Sunday, March 14, 2021

14/3/21: COVID19 Update: U.S. vs EU27 comparatives

 Previous posts covered updates for Covid19 pandemic stats:

In this post, let's take a look at the U.S. vs EU27 comparatives (some of these were touched upon in the previous posts).

So, five charts and a table. Starting with weekly cases:

Since the start of the pandemic, the U.S. has experienced three waves, against the EU27's two. The EU27's 2nd wave appears to have crested in week 45 of 2020, while the U.S.' current wave continued to rise through week 1 of 2021. 

Over the last 4 weeks, however, the U.S. case counts have been running 783,315 lower than those of the EU27 on cumulated basis. Furthermore, starting from week 8 of 2021, there is some early evidence of a potential Wave 3 starting in the EU27.

Weekly death counts are harder to interpret:

The trend in EU27 Wave 2 deaths counts indicates significant decline from the relatively flat peak that run from week 48/2020 through week 5/2021. The decline, however, only takes the EU27 back to the average of weeks 44 and 45 - the phase of rapid acceleration in Wave 2. The rate of decline has fallen dramatically in the last two weeks.  

The U.S. data is extremely volatile, but the peak of Wave 3 can be timed to week 7/2021, with plateau around the peak running weeks 1/2021-7/2021.

Cumulated deaths per capita trend:

  • Since the start of Wave 2 in the EU27 (Wave 3 in the U.S.), EU27 deaths per capita have been converging with those in the U.S. through week 48/2020.
  • From week 1/2021, U.S. deaths per capita started once again to diverge from those in the EU27.
  • In the latest data, week 9 of 2021, U.S. excess deaths (population size adjusted) relative to the EU27 stand at 108,676, down from a peak of 117,345 in week 7 of 2021.
Mapping U.S. excess mortality compared to the EU27 and Europe:
  • In highly simplified terms, the U.S. pandemic experience has been associated with a cumulative excess mortality, compared to the EU27 and Europe of between 108,676 and 182,892 cases, respectively, based solely on differences in population sizes.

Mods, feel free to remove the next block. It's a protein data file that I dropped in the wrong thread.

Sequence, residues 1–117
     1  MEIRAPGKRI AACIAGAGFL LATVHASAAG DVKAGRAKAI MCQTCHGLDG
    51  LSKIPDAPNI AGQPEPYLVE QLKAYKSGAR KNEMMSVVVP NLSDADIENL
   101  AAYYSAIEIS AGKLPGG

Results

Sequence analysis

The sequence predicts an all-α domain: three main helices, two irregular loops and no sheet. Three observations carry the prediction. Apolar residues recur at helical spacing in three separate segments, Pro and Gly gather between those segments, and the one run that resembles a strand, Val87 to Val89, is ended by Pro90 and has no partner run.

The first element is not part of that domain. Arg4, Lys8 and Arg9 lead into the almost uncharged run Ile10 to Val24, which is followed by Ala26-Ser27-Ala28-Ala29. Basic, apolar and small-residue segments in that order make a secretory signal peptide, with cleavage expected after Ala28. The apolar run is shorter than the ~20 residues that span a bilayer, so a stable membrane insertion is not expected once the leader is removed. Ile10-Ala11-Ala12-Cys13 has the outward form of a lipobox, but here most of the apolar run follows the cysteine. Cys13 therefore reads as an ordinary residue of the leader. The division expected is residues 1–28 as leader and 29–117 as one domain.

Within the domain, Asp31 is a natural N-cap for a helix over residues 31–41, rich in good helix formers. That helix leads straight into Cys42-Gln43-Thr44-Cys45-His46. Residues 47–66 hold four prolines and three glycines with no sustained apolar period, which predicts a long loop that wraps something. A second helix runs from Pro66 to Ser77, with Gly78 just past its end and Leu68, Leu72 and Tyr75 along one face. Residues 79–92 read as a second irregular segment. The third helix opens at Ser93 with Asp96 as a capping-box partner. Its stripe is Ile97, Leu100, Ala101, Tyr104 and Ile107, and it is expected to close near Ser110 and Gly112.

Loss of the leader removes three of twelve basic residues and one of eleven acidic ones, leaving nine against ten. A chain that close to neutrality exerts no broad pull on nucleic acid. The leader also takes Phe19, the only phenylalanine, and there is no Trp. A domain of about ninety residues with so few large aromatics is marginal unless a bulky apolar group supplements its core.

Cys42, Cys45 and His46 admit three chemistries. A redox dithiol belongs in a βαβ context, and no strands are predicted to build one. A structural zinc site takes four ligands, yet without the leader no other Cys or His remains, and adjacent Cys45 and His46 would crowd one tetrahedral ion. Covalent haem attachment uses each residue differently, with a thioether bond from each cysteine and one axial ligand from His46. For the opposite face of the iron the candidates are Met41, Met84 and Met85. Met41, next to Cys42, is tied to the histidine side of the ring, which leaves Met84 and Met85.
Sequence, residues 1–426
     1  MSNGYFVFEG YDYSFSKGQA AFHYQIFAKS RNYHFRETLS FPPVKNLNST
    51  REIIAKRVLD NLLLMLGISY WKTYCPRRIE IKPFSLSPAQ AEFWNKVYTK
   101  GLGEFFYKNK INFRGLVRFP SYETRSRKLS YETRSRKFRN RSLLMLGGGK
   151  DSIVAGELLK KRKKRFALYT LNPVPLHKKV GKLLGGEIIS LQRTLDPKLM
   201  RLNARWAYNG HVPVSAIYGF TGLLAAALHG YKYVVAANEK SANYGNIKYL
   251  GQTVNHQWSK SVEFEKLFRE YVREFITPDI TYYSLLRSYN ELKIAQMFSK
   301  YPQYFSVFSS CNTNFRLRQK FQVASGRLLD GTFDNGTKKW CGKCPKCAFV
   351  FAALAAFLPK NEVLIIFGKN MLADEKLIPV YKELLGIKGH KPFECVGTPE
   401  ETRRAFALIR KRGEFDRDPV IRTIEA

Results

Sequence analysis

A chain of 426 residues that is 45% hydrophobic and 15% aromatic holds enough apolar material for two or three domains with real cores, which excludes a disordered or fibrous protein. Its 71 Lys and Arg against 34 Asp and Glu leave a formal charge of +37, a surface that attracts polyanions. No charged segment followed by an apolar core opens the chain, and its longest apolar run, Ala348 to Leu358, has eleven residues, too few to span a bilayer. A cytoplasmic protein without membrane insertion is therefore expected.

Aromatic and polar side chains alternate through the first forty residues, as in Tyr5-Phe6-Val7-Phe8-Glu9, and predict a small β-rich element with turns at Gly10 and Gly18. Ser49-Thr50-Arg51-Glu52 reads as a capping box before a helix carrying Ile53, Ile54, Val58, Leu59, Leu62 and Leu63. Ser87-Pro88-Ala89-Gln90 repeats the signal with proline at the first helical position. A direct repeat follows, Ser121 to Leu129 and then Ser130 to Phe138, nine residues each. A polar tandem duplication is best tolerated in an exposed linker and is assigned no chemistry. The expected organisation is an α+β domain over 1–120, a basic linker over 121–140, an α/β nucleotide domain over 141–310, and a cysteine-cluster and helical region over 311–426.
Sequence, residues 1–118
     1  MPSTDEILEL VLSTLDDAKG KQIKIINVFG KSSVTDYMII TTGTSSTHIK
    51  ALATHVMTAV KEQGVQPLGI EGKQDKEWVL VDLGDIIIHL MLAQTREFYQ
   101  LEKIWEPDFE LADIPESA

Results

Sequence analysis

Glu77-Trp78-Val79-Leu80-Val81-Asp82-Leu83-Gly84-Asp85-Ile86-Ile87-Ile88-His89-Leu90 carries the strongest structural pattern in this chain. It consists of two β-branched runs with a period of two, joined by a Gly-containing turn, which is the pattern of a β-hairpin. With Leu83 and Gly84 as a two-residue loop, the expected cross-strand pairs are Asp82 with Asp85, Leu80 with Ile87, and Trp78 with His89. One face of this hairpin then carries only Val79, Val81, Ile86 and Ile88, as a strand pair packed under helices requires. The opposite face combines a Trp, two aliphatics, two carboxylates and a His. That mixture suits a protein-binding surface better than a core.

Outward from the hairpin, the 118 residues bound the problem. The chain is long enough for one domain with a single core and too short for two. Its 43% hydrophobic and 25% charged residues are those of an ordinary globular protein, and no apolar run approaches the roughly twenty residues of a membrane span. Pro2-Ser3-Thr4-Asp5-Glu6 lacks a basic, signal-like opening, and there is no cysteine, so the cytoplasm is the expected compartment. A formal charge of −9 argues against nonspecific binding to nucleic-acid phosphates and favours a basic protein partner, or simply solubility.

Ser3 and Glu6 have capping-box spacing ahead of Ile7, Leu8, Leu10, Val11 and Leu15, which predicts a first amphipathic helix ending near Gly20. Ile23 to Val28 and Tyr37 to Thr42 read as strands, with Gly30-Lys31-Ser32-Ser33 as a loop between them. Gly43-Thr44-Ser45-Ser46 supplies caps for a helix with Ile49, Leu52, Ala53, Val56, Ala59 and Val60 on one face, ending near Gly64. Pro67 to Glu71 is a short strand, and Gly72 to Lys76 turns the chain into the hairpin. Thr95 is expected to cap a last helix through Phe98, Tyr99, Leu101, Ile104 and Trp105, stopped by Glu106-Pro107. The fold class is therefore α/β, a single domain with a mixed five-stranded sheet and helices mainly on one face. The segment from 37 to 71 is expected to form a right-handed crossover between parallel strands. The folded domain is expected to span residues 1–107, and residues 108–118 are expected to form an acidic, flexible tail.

• If older European and EU27 demographics are factored in, these excess U.S. deaths rise to 121,718 and 210,326, respectively.
  • Both gaps have now resumed their rise, despite more robust vaccination strategy in the U.S.
The above figures are striking. In Vietnam War, the U.S. carried combat casualties of 47,434 and total casualties of 58,318 dead. The pandemic excess deaths toll compared to the EU27 is more than 2 times the total death toll of Vietnam War. 

Where the U.S. is performing better than the EU27 is in terms of overall mortality rate per positive Covid19 case

In both, the U.S. and the EU27, new cases have become progressively less fatal through week 34 of 2020. This is most likely accounted for by improved and earlier diagnostics and treatments, as well as by increased share of infections detected in younger patients. These effects were exhausted around week 35 of 2020.

The 2nd wave of the pandemic in the EU27 was associated with a significant initial increase in severity. A smaller increase took place in the U.S. in the 3rd wave. Overall, the most recent wave of the pandemic saw relative uplift in the EU27 mortality rate, while the U.S. mortality rate continued to decline. U.S. trend remains power-law, implying sustained decreases in mortality of new cases over time, while the EU27 trend has shifted toward a polynomial since Week 53 of 2020, implying rising risk of higher mortality, in line with the differences in the EU27 vs U.S. demographics.

Now, a summary table of key statistics:

The above is self-explanatory. The U.S. performs worse than the EU27 on all population-adjusted metrics. 

Here is the degree of relationship between deaths per 1 million population in the U.S. and the EU27 as linked to the Worldwide numbers:

Through the Wave 3 (U.S.) and Wave 2 (EU27), the relationship is effectively the same, with somewhat weaker connection between the EU27 and World rates than between the U.S. and World rates. 

13/3/21: COVID19 Update: BRIICS

Previous posts covered updates for Covid19 pandemic stats:

In this update, let's take a look at the dynamics of the pandemic in BRIICS (Brazil, Russia, India, Indonesia, China and South Africa) group of countries.

First, weekly case counts:

Brazil is leading BRIICS into what appears to be a new wave, Wave 4 of the pandemic. All other BRIICS countries are showing sustained moderation in new cases. There is also a much smaller uptick in new cases in India.

A similar picture emerges from weekly deaths data:

A summary table of per capita cases and deaths, as well as mortality rates.

One feature of the above dynamics is the state of uncertainty these highlight in the Emerging and Developing economies with respect to the recent improvements in the pandemic numbers. Sitting in the West, it is, perhaps (depending on the location) easy to slip into a state of overconfidence and complacency, as vaccines become more widely distributed and politicians trumpet the sight of 'normalcy' on the horizon. The problem with this worldview is three-fold:
  1. This pandemic will not go away until we reach - globally - levels of vaccinations and infections that deliver global 'herd immunity', which would require 90%+ immunity cover; and
  2. As long as there are large pools of the virus in the world at large, there will be higher likelihood (note: we do not know probability) of virus mutations that can render acquired immunity irrelevant, and
  3. We are currently not doing anything near enough to deliver vaccines to the countries outside the Advanced economies world.  

13/3/21: COVID19 Update: Most impacted countries

 In previous posts, I covered updates for Covid19 pandemic figures for:

  • Worldwide data:, and
  • Europe and the EU27 countries:
Now, world's worst hit countries and regions.